Separately, the European Banking Authority published a final draft of regulatory technical standards (RTS) on strong customer authentication and common and secure communication. The EBA heard from 224 respondents to its consultation. EBA Chairman Andrea Enria, in prepared remarks on the future of payments policy, provided details on the final-draft RTS, including the conclusion “that the current practice of third-party access without identification that a few respondents referred to as ‘screen scraping,’, or mistakenly as ‘direct access,’ will no longer be allowed once the transition period under the PSD2 has elapsed and the RTS applies.”
Germany: You know your payments system is a bit behind the curve when the chair of the European Payments Council has a difficult time purchasing train tickets. “After this experience, the myths I had about Germany being developed have been obliterated,” Javier Santamaría said.
Russia: The country will reportedly launch its first accelerator program for local FinTech firms, called FinTech Lab. Ak Bars, VTB 24, Bank Saint Petersburg, and Home Credit Bank will team up with MasterCard and Accenture on the launch.
Indonesia: The Financial Services Authority launched a website that compiles hundreds of banking regulations in one place, where industry stakeholders and the public can determine whether certain statutes have been replaced, repealed, revoked, or remain as is.
Nigeria: FinTech is coming! PwC published a survey of Nigerian financial services industry leaders, focused on the impact of FinTech in the country. Not surprisingly, retail banking and payments were two areas seen as most at risk of disruption. Nearly 80 percent of respondents indicated that some part of their business was at risk of disruption.
India: The Associated Chambers of Commerce and Industry of India will hold a global summit in early March covering Bitcoin and the blockchain, and the opportunities and challenges posed to the Indian economy.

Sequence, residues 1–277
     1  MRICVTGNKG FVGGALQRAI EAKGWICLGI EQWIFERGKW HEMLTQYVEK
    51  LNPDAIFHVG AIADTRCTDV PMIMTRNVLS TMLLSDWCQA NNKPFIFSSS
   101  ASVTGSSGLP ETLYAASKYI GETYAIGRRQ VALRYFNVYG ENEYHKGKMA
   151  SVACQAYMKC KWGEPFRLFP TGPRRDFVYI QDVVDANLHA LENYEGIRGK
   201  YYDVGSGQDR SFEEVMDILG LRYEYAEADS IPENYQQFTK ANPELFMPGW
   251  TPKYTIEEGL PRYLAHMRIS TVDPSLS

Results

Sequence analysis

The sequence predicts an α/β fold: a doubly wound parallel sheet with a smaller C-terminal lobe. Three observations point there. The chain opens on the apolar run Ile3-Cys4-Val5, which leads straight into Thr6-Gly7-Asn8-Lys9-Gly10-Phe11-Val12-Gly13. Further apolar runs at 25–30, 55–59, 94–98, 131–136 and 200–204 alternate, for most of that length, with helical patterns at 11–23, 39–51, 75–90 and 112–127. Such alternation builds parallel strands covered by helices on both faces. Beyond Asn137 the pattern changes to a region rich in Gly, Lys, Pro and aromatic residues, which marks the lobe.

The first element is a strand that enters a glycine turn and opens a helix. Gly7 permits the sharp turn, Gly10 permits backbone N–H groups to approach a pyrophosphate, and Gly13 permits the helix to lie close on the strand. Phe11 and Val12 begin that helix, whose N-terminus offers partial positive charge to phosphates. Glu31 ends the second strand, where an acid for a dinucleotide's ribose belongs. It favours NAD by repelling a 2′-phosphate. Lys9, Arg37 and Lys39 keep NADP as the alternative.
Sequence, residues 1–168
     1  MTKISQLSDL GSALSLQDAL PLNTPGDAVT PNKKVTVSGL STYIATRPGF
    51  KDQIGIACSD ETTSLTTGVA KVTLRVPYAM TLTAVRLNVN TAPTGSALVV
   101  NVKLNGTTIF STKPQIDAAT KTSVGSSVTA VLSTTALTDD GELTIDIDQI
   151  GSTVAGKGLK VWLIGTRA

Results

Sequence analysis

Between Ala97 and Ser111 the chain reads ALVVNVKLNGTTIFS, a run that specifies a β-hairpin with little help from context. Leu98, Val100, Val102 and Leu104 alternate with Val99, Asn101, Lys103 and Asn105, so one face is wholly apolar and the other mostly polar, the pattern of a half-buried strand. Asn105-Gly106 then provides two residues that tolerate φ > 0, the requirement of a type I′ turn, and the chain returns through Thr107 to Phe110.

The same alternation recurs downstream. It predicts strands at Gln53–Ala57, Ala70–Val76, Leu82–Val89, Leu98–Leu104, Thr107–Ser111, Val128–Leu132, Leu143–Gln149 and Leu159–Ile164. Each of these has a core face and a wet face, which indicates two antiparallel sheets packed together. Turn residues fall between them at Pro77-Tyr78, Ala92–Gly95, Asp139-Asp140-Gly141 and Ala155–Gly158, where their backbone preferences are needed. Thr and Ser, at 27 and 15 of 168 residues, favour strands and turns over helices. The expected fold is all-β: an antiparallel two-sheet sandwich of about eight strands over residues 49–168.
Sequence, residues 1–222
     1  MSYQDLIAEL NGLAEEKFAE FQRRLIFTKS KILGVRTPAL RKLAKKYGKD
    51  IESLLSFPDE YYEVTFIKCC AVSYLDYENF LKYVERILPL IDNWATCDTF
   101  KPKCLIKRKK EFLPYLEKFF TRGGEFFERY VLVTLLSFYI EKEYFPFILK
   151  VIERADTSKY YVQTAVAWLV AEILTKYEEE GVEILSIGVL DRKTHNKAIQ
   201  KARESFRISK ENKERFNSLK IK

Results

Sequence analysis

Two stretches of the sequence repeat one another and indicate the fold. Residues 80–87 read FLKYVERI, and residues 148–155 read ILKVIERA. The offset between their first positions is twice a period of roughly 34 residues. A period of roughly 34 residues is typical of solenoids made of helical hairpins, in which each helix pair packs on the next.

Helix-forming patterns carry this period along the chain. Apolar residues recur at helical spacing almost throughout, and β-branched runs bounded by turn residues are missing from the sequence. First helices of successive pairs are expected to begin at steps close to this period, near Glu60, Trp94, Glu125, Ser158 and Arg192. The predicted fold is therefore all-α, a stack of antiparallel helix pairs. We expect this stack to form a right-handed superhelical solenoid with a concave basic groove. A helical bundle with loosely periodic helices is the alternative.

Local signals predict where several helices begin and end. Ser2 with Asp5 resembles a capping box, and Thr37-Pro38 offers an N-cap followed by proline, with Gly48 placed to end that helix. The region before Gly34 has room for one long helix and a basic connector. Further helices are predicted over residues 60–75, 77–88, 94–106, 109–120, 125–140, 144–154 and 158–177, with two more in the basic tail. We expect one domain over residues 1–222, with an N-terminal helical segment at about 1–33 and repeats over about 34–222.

China: TheChina Securities Regulatory Commission is considering loosening restrictions on companies looking to go public, in a bid to make the mainland more attractive to large, homegrown companies, especially tech companies. China Rapid Finance, for example, is looking to raise at least $100 million in an IPO in the U.S. Meanwhile, Shanghai’s financial regulator has announced that it will pursue research and regulation covering blockchain.
Bahrain: Khalid Al Rumaihi, chief executive of the Bahrain Economic Development Board, said the country would launch a venture capital fund this year to support FinTech ventures, as well as create a regulatory sandbox and FinTech accelerator.
Money, Money, Money … Money!
Seriously, who doesn’t love the O’Jays!? Anyway, Prosper signed an agreement with certain institutional investors to purchase up to $5 billion in loans over the next two years. And remember when you sold off your Bitcoin, thinking there couldn’t possibly be any way the digital currency highs again? Well, you were wrong. The price of Bitcoin hit an all-time high of $1,210.16 yesterday.
The Mobile Economy
GSMA released a report on the mobile economy in 2017. According to the report, nearly two-thirds of the global population has a mobile subscription, with Asia expected to drive the number of new unique subscribers for the foreseeable future. Interestingly, GSMA finds that mobile technologies and services “generated 4.4 percent of GDP globally, equivalent to around $3.3 trillion of economic value,” and the mobile ecosystem supported 28 million jobs in 2016.
Top 10 countries by projected new mobile subscribers (in millions): 2016-2020